There is a link between the lethal fantasies Edsall outlines in his piece and the more widespread impulse to “merely” ruin the careers and livelihoods of our people we despise. At the edges, partisans are fine with seeing their political opponents physically suffer. It’s far more mainstream to hope to see them financially and socially ruined.
It’s in this atmosphere that I’m increasingly of the view that the vanishing, bipartisan class of civil libertarians represent an important ingredient in the glue that keeps America together. The fundamental idea that we should defend the rights of others that we would like to exercise ourselves often requires that we gain greater sympathetic understanding of our opponents’ points of view. After all, the defense of liberty in the public square can never be merely legalistic. To be effective it also has to humanize.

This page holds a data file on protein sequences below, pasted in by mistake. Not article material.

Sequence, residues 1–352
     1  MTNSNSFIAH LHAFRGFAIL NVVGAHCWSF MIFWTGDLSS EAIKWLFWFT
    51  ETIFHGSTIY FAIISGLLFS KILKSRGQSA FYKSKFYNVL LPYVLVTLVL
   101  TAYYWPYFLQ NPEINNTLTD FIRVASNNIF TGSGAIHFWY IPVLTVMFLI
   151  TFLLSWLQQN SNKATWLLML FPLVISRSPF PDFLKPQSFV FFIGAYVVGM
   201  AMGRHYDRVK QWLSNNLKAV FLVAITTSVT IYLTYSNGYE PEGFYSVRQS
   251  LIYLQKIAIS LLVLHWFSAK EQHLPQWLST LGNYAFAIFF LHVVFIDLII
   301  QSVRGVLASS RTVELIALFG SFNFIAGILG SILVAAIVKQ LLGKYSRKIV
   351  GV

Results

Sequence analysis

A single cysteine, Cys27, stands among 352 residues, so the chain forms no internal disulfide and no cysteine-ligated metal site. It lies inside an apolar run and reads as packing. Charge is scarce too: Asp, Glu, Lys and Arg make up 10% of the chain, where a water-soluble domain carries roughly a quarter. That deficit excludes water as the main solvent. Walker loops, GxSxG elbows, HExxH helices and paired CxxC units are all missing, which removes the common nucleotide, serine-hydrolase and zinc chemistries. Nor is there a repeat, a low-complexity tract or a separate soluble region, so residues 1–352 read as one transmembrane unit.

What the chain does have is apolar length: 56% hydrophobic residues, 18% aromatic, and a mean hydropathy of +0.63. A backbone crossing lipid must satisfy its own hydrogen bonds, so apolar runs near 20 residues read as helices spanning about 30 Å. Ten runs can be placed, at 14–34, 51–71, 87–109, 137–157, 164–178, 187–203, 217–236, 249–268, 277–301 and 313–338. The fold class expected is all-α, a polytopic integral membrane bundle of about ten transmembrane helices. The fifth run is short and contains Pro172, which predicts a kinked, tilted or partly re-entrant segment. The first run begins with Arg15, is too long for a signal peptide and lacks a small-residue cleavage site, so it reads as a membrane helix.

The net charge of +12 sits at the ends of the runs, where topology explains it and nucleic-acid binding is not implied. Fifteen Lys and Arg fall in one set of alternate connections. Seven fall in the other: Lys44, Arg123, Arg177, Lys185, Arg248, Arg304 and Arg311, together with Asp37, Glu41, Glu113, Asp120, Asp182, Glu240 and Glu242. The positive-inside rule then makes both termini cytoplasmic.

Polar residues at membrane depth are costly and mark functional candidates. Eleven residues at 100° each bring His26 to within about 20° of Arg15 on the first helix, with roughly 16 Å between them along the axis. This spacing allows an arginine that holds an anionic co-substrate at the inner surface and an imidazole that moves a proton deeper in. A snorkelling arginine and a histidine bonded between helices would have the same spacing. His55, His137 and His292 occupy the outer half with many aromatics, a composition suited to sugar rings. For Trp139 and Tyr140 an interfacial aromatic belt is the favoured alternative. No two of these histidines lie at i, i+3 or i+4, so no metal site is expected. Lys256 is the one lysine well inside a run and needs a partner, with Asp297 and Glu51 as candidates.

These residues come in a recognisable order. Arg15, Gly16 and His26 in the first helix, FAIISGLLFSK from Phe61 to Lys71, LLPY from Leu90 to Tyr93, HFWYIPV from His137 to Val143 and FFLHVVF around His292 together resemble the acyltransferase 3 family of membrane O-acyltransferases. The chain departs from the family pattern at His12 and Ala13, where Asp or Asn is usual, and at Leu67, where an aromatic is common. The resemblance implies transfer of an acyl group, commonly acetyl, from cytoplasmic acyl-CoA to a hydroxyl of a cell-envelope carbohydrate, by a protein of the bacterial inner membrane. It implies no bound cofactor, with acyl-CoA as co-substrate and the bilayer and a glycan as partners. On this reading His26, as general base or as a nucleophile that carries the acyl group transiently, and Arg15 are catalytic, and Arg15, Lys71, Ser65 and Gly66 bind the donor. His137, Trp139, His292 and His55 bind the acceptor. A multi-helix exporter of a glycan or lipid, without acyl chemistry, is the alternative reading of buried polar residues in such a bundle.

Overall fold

And crucially, it also has to educate. There is simply no way to enjoy or cultivate a true culture of liberty without tolerating even terrible things. We human beings are messy mixtures of virtue and vice, and while there are vices so profound that they render a person unfit for presence in the public square, we should be very careful indeed before we try to punish a man for his thoughts. How many of history’s greatest artists — of its most interesting thinkers — would pass our modern partisan purity tests?